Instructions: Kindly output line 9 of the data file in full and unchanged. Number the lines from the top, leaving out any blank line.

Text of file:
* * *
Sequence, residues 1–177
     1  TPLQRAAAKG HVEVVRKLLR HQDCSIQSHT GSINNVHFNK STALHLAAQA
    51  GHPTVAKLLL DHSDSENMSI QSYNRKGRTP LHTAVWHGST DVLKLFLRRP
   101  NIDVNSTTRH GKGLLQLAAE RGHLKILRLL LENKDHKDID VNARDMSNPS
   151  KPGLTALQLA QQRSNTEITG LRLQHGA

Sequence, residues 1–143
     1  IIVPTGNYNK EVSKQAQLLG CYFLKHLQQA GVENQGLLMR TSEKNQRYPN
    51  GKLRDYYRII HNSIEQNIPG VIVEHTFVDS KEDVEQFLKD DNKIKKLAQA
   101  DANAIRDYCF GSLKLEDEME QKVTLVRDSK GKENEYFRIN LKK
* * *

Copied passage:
   101  DANAIRDYCF GSLKLEDEME QKVTLVRDSK GKENEYFRIN LKK